Technology Loan Program Helps Families Receive Early Childhood Services Online
by Sharita Forrest, UI News Bureau / Dec 18, 2020
Sarah Isaacs, the librarian of the Early Intervention Clearinghouse, and research information specialist Jill Tompkins show some of the tablet computers and Wi-Fi hotspots that families of infants and children with disabilities or delays can borrow for telehealth visits with providers of early intervention services.
When the COVID-19 pandemic forced Illinois service providers to suspend in-person early intervention visits last spring, families of infants and toddlers with disabilities or delays who lacked online access faced challenges obtaining services such as speech, occupational therapy and developmental therapy.
However, a technology loan program provided by the Illinois Early Intervention Clearinghouse at the University of Illinois Urbana-Champaign is helping many families across the state obtain the equipment they need to participate in live video – or telehealth – visits with their children’s therapists.
Families obtaining early intervention services who have smartphones or computers but lack internet access can borrow Wi-Fi hotspots from the clearinghouse, while families who need digital devices can borrow tablet computers with or without data plans. The equipment is lent for free.
Since the clearinghouse began lending the equipment in June, it has received hundreds of requests from families, most of them needing both a tablet and a Wi-Fi hotspot to access telehealth services, said U. of I. Special Education associate professor Meghan Burke.
She is the principal investigator on the grant from the Illinois Department of Human Services Bureau of Early Intervention, which funds the clearinghouse.
Operated by the Early Childhood Collective at the U. of I., the clearinghouse functions as a statewide lending library for the 20,000 Illinois families of children with disabilities and delays, and the 6,000 professionals across the state who provide services such as speech and physical therapy, nutrition services and assistive technology for infants and children up to age 3.
The resources available through the clearinghouse include books, DVDs, tip sheets and a newsletter on early intervention best practices and parenting.
“The clearinghouse was uniquely prepared to be a strong support for families during this difficult time,” said visiting project coordinator and clearinghouse librarian Sarah Isaacs. “Early intervention services are critical because young children grow and develop so quickly. If they do not receive services during that narrow window, it can have lasting effects.”
Early intervention services are typically provided in the natural environment, in the family home or day care setting, Burke said.
“If you have a young child up to age 3 with a disability such as Down syndrome or a speech or language impairment, a provider comes into the day care center or the home and coaches the family about effective strategies to use with the child to help them make progress,” Burke said.
When rising COVID-19 cases in the spring prompted safety concerns about face-to-face contact, state officials suspended in-person visits temporarily and shifted to online delivery to help flatten the curve.
“Thankfully, state officials quickly put together guidance allowing teletherapy so that families could use Skype, Zoom or other internet platforms to connect with their therapists and continue to receive needed early intervention services remotely,” Burke said.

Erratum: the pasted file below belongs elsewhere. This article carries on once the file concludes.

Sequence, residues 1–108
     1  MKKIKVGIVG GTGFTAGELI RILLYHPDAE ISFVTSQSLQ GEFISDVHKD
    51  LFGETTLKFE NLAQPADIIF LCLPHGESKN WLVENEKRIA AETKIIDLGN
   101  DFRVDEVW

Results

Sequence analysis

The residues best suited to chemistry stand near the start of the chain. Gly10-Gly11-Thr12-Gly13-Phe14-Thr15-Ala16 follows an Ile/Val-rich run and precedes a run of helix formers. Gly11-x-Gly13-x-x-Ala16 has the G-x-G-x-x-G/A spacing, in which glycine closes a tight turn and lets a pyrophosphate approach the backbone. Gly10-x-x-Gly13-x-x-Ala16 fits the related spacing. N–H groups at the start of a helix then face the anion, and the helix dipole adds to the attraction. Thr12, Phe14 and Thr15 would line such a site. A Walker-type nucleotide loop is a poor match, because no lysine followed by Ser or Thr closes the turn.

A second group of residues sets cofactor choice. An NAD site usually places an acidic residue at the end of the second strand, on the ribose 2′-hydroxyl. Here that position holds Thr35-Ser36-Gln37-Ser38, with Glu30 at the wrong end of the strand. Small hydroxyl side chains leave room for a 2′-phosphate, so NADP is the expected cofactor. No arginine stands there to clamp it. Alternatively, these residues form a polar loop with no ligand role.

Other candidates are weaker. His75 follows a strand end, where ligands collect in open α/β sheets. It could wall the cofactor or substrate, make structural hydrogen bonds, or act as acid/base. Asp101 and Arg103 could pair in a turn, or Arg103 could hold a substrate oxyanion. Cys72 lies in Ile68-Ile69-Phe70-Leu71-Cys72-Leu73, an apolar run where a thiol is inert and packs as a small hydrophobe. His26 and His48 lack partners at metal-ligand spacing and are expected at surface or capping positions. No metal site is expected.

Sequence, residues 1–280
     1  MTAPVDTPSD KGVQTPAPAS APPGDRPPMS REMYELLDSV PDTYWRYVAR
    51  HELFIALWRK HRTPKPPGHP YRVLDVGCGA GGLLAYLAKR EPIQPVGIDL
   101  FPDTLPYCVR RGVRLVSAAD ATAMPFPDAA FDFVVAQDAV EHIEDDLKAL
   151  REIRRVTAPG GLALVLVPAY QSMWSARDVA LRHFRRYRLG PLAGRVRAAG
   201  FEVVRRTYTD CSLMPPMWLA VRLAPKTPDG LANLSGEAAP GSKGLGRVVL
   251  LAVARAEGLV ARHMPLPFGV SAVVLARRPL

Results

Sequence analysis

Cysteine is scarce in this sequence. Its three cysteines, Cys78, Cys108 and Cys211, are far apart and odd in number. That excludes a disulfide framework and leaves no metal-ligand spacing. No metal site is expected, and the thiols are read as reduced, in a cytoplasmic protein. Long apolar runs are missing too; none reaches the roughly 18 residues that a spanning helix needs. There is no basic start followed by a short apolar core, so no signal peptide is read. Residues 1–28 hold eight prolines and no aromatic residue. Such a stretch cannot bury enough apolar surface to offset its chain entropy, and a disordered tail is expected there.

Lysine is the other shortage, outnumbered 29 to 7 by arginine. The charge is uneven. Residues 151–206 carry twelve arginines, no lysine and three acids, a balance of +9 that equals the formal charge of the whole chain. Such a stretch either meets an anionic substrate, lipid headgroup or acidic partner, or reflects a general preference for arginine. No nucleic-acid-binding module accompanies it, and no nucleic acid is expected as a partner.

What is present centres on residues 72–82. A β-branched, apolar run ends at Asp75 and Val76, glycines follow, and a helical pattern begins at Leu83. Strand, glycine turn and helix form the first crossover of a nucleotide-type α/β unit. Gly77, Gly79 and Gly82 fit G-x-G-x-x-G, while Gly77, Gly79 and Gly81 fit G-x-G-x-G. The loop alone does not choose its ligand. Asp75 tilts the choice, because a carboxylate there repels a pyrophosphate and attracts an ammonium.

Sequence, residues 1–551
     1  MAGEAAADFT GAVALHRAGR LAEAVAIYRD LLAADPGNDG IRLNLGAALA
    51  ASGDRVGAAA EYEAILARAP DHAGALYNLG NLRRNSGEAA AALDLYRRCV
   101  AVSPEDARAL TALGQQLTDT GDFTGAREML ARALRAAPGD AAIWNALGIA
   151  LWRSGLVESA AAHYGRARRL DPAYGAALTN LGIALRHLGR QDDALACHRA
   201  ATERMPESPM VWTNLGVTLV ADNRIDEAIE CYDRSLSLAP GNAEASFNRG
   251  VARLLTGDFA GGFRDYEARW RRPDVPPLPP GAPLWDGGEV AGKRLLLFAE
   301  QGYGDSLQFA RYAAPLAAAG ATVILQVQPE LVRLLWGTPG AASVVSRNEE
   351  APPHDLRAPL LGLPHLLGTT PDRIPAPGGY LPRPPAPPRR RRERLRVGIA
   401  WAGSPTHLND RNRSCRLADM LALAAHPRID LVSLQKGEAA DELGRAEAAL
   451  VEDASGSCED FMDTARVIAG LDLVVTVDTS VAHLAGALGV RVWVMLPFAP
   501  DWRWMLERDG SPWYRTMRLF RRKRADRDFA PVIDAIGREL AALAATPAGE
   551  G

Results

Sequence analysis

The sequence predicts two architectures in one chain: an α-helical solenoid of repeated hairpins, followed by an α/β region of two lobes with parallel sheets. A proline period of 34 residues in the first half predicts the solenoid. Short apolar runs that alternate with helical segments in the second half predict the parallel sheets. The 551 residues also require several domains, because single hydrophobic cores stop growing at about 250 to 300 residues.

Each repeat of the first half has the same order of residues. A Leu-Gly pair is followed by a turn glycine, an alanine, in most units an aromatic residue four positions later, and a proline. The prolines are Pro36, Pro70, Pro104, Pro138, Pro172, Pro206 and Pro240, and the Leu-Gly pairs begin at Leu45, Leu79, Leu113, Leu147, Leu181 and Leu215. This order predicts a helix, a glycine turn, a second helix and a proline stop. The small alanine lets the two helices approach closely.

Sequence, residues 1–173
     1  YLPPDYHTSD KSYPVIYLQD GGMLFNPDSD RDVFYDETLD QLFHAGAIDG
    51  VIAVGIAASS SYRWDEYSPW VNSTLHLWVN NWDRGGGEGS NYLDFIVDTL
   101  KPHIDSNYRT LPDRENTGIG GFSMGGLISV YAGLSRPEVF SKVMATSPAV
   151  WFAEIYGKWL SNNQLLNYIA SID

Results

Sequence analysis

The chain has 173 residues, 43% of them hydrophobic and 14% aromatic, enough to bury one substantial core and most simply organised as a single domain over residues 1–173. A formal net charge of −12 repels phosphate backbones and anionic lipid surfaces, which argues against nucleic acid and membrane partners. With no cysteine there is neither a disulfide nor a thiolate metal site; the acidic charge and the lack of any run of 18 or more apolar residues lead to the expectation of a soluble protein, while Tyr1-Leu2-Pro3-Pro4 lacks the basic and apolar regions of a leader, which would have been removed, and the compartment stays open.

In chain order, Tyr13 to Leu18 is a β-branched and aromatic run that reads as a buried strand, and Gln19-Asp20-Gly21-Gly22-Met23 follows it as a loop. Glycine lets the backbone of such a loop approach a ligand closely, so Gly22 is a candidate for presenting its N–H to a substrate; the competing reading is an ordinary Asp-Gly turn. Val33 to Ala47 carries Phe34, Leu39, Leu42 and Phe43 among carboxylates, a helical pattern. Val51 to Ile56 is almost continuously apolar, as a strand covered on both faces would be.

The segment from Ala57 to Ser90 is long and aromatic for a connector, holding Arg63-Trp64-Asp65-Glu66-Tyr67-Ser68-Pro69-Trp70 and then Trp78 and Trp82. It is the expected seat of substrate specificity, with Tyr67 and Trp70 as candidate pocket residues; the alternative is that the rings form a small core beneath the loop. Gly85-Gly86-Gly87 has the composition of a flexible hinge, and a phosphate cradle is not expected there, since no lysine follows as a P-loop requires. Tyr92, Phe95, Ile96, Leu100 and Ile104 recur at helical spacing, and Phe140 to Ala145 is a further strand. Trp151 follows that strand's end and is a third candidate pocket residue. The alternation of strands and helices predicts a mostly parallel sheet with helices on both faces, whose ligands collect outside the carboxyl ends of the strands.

Isaacs and information specialist Jill Tompkins set up each device with the necessary apps and programs to help families get a quick start with their live video visits. When children age out of early intervention services or no longer need them, their families return the tablets or hotspots to the clearinghouse, and the equipment is cleaned and lent out to the next recipient on the waiting list.
“One of the great things about the Illinois Bureau of Early Intervention is that they want to ensure that these practices are equitable,” Burke said. “With telehealth, families who lack access to consistent internet or those who don’t have a smartphone or computer might not be able to participate.”
The technology lending program is funded with a $10,000 grant from the disability advocacy organization The Arc of Illinois, a $30,000 grant from the Illinois Developmental Disabilities Council and project funds from the clearinghouse.
“We were really excited to get the $10,000 grant so we could support quite a few families with it initially,” Burke said. “But after we served those people, we still had a waiting list of more than 65 people we didn’t have devices to serve.”
When the Illinois Developmental Disabilities Council awarded the $30,000 grant in mid-November, the clearinghouse was able to purchase additional devices to serve about 40 more families on its waiting list.
“Without this funding and, accordingly, the technology, these families would not be able to receive needed early intervention services,” Burke said.
Feedback from families and providers using the technology loan program has been positive, as it has helped them bridge the digital divide and connect with their therapists safely.
“It’s a good feeling to know that we are providing a necessary service during the pandemic,” Tompkins said. “The families are very appreciative to have the equipment they need to support their child.”
“There’s a research project out of Rush University that is also lending devices to families who are eligible, but aside from that and our clearinghouse, I don’t see many other ways for families to obtain the technology they need to engage in early intervention services remotely,” Burke said. “We are excited to fill this niche.”